Cooking

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jb
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Cooking

Post by jb » Sat Oct 26, 2019 10:01 pm

I've been cooking a lot for the last few months. Nothing fancy, just... cooking dinner, trying to use up stuff in the freezer or whatever, baking muffins and bread mostly out of recipes online. My primary consumers-- 1 wife, 1 toddler.

So here's a thread to talk about cooking and baking.

Earlier this week I found a bag of frozen strawberries in the freezer, so I looked up a strawberry muffin recipe. But it called for 2 cups of strawberries, which I didn't have, so I also used 2 frozen bananas I had in the freezer as well.

Muffins turned out great, though I had a lot of batter so I made a loaf as well. The loaf turned out pretty god damned dense, since the strawberry/banana concoction added a shitload of extra liquid that I failed to compensate for. Tastes great anyway.

I recently got an oven thermometer because some bread I made cooked SO MUCH FASTER than it was supposed to. And kind of burned a little bit, naturall. Also my parchment paper fucking scorched, so we didn't get a baking-bread scent in our house, we got a burning-paper stench. It looks as if my oven's calibration is like 50 degrees out of whack. Fuck this oven, man. Jenn-Air piece of shit. :x Hope it feels the target on its back. I'm shopping for induction ranges.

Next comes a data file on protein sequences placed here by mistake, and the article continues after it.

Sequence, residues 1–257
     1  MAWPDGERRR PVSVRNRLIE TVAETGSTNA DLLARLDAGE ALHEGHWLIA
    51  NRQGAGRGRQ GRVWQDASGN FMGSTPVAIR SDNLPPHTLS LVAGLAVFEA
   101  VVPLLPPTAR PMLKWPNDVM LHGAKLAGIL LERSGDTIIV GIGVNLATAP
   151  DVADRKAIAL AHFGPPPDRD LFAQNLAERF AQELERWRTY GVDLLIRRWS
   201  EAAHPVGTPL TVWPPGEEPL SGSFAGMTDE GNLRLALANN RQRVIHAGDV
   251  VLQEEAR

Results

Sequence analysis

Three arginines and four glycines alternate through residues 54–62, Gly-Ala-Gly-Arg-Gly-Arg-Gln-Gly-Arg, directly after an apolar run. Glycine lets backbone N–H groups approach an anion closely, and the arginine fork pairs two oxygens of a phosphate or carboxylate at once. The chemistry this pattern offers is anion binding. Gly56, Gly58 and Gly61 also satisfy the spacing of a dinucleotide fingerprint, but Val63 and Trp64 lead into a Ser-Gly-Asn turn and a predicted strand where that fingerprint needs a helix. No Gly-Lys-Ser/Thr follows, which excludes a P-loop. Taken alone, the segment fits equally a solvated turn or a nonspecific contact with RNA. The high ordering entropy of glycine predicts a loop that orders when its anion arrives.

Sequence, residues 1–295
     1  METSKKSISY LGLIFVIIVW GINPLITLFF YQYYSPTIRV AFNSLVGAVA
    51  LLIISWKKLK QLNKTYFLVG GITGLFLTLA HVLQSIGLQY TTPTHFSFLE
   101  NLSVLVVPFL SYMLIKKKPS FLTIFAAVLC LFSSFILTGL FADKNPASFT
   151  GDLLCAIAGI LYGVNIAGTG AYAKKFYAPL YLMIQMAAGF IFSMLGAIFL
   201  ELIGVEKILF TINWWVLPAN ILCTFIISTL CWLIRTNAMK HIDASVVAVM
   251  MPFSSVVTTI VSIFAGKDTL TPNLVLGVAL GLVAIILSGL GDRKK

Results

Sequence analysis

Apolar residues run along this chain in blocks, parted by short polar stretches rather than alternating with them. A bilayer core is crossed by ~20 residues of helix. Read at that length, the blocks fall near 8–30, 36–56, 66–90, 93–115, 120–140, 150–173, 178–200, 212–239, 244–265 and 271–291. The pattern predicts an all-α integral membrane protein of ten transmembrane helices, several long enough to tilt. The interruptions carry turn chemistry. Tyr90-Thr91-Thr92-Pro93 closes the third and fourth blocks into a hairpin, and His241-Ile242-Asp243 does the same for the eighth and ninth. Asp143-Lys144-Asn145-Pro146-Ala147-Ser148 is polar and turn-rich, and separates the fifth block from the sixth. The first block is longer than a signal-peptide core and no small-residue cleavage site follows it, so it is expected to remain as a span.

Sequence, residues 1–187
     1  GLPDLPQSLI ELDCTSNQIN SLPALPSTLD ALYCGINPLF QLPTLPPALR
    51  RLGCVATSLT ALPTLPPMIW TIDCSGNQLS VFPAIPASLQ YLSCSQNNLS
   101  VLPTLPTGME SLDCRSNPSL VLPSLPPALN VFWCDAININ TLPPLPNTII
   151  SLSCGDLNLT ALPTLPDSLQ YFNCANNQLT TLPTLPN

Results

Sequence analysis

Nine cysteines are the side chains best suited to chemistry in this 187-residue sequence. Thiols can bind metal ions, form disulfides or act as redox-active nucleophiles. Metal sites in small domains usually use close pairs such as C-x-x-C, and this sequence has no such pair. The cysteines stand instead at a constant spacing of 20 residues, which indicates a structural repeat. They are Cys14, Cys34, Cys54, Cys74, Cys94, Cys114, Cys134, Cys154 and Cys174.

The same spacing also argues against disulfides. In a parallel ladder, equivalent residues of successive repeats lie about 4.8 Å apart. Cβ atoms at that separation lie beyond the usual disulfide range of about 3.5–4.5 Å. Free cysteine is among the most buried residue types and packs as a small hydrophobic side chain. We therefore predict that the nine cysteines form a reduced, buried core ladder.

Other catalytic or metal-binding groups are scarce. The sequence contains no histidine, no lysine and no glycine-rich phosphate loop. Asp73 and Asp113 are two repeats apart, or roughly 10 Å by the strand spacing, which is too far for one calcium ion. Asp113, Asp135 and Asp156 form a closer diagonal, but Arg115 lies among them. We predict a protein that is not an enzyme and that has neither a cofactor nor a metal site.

Tonight I made spaghetti with chicken. We eat a lot of pasta.
  • Ragu sauce (out of a jar)
  • Some chicken. One fried chicken breast from a grocery store, cut up, and one chicken breast I found frozen in the freezer from who the hell knows how long ago. I diced them so if I overcooked the frozen one it's less obvious. And it cooks super fast.
  • I dumped some dried oregano into the Ragu, along with half a stick of butter.
  • For quite some time I've been in the Internet-fueled habit of using a heckuva lot less water than "tradition" recommends for my pasta, and putting the pasta in when the water's cold. Turns out fine, cooks a lot faster. I definitely salt the water.
  • The chicken gets smooshed with some random poutry seasoning powder I got somewhere sometime
  • And I dump probably 2 tablespoons of minced garlic (from a jar) into the chicken as it cooks.
Kiddo ate three toddler plates full. WIN. I often dump some broccoli or green beans into it, but I didn't have any-- probably why he ate so much.

Later this evening I went to the grocery store and got fixins for shrimp fried rice. I'm going to make this recipe I think: https://www.averiecooks.com/easy-better ... ried-rice/#

Though I dunno-- I have a bag of brussel sprouts I got on a whim, and it's probably about to go bad. So maybe that'll get roasted sometime in the next couple days.

JB
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Re: Cooking